US Cannabis Stocks Curaleaf, Green Thumb, Trulieve, and Harvest Health: 4th Straight Day of Gains

James West
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Curaleaf Holdings Inc. (CNSX:CURA), Green Thumb Industries Inc..(CNSX:GTII), Trulieve Cannabis Corp (CNSX:TRUL), and Harvest Health and Recreation Inc. (CNSX:HARV) are all pushing higher for the 4th straight day in a row as the Great Bifurcation continues between Canadian and US cannabis stock prices.

Among the factors driving the separation of value along national lines are escalating expectations in the United States for a national regulation to permit the de-prohibition of cannabis federally, and the as yet only modestly serviced and expanding markets in mega-states like California, Florida, Illinois and New York.

Todd Harrison from CB1 Capital Management discusses US cannabis MSO’s superior outlook for cannabis stock performance relative to Canadian cannabis companies.

Trulieve in particular has reported double digit growth in revenue for the last two quarters, and substantially improved earnings, though the majority of those earnings are derived from controversial “biological assets”. Trulieve was the subject of a largely discredited short-seller report that nonetheless spooked investors into driving the share price down from a recent high of $17.65 to a low of $12.06, though it has since recovered to ~$15 a share at the time of writing.

Trulieve CEO Kim Rivers talks about her company’s reported $0.55 per share in net income.

Trulieve reported Q3 2019 revenue of  $70.7 million in sales, up from $28.3 million in the same quarter of 2018, and $0.55 per share in net income after adding $90 million from biological assets.

Curaleaf has secured a term loan facility of US$275 million from a syndicate of lenders who will extract a heft 13 percent interest rate per year, giving the company financial firepower to accelerate the business, though with a slim gross margin of less than 2 percent, it comes with a high degree of probability that the company will remain unprofitable for the foreseeable future.

Curaleaf reported Q3 2018 sales revenue of $50.7 million, up a substantial 207 percent from the same period in the year prior. Curaleaf’s operations span Arizona, California, Connecticut, Florida, Kentucky, Maine, Maryland, Massachusetts,  New York, Nevada, Oregon, Ohio, Pennsylvania and Rhode Island, and with a quarter of a billion dollars now at its disposal for growth, the 13 percent coupon might be a worthwhile cost of capital.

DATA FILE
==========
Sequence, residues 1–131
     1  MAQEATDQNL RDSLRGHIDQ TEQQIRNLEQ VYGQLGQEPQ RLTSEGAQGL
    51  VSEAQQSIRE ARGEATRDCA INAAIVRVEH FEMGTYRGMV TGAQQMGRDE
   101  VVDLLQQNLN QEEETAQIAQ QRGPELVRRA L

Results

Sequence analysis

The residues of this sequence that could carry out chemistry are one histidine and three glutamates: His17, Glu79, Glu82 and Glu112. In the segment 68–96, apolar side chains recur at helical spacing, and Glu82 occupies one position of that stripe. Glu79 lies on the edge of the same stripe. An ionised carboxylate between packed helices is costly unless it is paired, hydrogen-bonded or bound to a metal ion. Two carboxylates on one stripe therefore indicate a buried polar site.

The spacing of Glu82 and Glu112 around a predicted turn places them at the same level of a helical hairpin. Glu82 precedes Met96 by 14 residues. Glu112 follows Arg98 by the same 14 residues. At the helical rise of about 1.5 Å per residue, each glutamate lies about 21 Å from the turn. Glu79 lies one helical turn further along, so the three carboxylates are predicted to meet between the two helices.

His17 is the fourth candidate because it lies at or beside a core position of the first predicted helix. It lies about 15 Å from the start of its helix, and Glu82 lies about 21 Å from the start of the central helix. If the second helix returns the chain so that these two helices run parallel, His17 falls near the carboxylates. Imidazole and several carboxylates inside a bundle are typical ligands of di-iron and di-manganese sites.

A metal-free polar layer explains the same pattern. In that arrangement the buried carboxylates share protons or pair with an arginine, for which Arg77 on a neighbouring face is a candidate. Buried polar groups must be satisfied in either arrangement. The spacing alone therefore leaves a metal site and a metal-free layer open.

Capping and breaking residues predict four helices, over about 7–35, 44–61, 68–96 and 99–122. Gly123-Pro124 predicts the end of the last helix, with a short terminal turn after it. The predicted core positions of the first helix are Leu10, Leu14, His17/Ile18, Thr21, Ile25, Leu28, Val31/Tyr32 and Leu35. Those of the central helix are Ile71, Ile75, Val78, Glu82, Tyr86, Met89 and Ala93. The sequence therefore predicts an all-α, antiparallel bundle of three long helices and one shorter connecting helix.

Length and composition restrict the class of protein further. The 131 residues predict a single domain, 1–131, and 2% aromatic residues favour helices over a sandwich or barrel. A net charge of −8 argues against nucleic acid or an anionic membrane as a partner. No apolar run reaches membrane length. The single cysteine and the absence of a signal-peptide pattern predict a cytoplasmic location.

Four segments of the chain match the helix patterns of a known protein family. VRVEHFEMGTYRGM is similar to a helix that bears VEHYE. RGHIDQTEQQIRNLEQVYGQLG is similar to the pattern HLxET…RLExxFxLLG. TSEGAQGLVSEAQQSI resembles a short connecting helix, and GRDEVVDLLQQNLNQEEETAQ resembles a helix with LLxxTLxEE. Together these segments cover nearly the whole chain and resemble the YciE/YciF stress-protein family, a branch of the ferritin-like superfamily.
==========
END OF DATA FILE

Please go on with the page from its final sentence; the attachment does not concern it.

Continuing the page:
Green Thumb Industries reported opening of its 9th retail location in the State of Pennsylvania earlier this month, as well as one in West Palm Beach, bringing its national retail location count to 36 for the end of 2019. The company’s most recent Q3 revenue saw growth from the same period in 2018 of 295 percent to $68 million from $17.2 million. Importantly, its cost of goods sold improved to 48 percent in Q3 2019 versus 54 percent in 2018.

Green Thumb reported cash on hand of $66 million, which isn’t a huge amount relative to Curaleaf’s capital resources, but Green Thumb Industries’ share price is ~50 percent higher than Curaleaf’s, giving its paper a premium in terms of acquisition currency.

And Harvest Health and Recreation, which could be the largest US Multi-state operator if it manages to close a batch of acquisitions that would see it operating 130 retail locations across 18 states, including vertically integrated production, extraction, packaging and full range of CPG product lines. Harvest announced the first $94 million closing of a long-awaited debt financing that will see it suffer a 15% cost of capital for the first $73  million with the remainder yielding 9.25 percent and due in 2022.

Steve White, CEO of Harvest Health and Recreation talks about his company’s national retail cannabis strategy.

Harvest Health’s latest financials saw it report Q3 revenue of US$33.1 million, up 196% over the same period in the year prior. Those numbers will expand dramatically if the company completes its top 2 mergers with Falcon International Corp for US$155 million and Verano Holdings in an all stock transaction whose total value will be determined when closed.

Canada’s largest operators, in stark contrast to these companies, have seen shrinking revenues, and missed sales targets, as well as been characterized by egregiously dilutive transactions that have some of the largest – Aurora Cannabis especially – looking at the potential for an existential threat to solidify in 2020.

US MSO’s are where the action is likely to be for investors in 2020.

James West

James West

Editor and Publisher

James West founded Midas Letter in 2008 and has since been covering the best of Canadian and US small cap companies. He covers global economics, monetary policy, geopolitical evolution, political corruption, commodities, cannabis and cryptocurrencies. As an active market participant, James is not a journalist and is invariably discussing markets...
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